A brief sojourn in Karakol

Trip Start Aug 08, 2011
Trip End Ongoing

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Flag of Kyrgyzstan  , Ysyk-Köl,
Friday, April 27, 2012

We awoke early in Cholpon-Ata to take the winding road that hugged Issyk-Kul's northern shore in the direction of Karakol. The inevitable gaggle of taxi drivers was waiting for us at the main marshrutka stop, and within seconds had identified us as tourists. Like any taxi drivers in this part of the world, they assumed that we would have unlimited wads of cash burning holes in our pockets, when the holes in our pockets were in fact due to eight months of heavy wear-and-tear. We battled through them, and spent quite some time locating the stop for Karakol, before hopping onto a minibus and setting off.

The journey itself was relatively painless, but as we sped through little villages along the bumpy road, packed tightly next to the other passengers, it was clear that any possibility of getting a decent view of the lake or the mountains that encircle it was highly optimistic. Our arrival in Karakol was, as with most other large cities, plagued by being dropped far outside the city centre, from where we had to take another local marshrutka to our accommodation.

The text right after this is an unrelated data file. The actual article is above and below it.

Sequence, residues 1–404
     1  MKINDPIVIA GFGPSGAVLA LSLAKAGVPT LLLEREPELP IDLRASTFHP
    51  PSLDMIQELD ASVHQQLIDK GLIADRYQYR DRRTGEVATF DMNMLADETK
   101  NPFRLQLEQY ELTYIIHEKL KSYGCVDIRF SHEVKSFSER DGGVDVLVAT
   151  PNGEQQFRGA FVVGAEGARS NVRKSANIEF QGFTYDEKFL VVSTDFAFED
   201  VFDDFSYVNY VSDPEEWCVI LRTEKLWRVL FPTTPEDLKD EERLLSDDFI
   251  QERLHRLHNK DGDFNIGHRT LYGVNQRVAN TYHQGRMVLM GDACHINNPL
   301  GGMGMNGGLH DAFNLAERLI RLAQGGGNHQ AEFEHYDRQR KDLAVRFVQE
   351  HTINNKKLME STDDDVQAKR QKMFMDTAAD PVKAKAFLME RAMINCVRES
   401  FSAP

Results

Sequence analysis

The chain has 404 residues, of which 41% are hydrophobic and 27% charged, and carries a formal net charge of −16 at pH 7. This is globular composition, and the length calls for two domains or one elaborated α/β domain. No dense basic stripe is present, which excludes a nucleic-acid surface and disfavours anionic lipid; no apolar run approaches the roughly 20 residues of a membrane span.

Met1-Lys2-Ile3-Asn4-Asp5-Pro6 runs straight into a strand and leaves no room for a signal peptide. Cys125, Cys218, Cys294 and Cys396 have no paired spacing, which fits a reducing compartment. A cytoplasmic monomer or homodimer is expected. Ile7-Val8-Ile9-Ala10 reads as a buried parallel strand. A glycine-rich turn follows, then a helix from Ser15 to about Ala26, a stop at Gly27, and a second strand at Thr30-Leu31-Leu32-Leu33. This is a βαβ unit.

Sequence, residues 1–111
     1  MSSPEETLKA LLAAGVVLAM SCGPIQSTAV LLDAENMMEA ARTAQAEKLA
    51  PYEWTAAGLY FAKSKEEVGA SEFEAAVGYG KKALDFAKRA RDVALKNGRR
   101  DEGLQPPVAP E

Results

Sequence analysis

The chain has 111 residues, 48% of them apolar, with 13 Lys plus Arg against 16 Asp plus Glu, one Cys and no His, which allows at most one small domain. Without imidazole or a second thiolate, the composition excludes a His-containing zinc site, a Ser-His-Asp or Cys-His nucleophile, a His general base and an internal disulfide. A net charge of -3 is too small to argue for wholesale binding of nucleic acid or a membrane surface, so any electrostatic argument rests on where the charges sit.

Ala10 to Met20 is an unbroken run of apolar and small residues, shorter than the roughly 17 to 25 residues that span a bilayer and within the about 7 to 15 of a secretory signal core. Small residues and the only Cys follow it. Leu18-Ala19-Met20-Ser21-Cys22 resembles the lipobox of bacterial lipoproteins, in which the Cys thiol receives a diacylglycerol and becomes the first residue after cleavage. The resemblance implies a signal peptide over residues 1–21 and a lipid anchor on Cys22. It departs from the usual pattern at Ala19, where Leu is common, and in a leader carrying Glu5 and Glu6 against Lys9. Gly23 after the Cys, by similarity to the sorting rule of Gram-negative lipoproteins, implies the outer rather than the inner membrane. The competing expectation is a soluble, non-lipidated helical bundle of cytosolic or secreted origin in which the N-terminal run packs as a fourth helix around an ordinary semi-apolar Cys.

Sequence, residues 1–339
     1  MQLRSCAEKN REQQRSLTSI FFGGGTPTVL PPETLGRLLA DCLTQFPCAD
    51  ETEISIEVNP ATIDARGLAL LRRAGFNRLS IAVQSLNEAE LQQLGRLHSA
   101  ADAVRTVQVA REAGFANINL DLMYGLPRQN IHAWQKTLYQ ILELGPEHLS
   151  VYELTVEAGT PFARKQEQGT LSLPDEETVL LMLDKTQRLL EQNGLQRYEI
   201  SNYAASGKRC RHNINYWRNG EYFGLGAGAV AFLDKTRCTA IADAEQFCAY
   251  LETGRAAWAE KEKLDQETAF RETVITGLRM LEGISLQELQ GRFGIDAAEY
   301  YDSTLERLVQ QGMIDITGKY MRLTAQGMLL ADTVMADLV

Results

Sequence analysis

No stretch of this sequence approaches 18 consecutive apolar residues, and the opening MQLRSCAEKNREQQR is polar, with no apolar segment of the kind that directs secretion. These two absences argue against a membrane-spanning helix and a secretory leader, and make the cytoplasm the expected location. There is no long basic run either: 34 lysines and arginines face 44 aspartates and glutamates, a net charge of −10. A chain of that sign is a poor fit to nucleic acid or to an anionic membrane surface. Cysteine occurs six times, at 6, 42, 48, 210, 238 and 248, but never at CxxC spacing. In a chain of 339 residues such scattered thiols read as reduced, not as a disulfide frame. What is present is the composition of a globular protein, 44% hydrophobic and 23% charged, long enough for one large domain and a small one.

We arrived at the Yak Tours guesthouse in the early afternoon, and were taken to a room that could only be described as kitsch. The maroon floral wallpaper, tinged with gold details, matched perfectly the dusty Victorian-style chest of drawers and unnecessarily busy floral print duvet. For added bizarreness, a pair of old-fashioned mannequins in the corner of the room sat in front of the net curtains, sporting blue and white stripy bathing costumes. This was perhaps the most unusual accommodation we had experienced so far, but the price was good and we were perfectly content to remain surrounded by faux 19th Century oddities.

I stepped out into the courtyard, where a floppy-haired Kiwi named Nick sat alongside a bear-like, bearded American named Chad. As I began speaking to them, the owner arrived in a flurry of questions.

“What do you want to do in Karakol? Do you like to climb mountains?”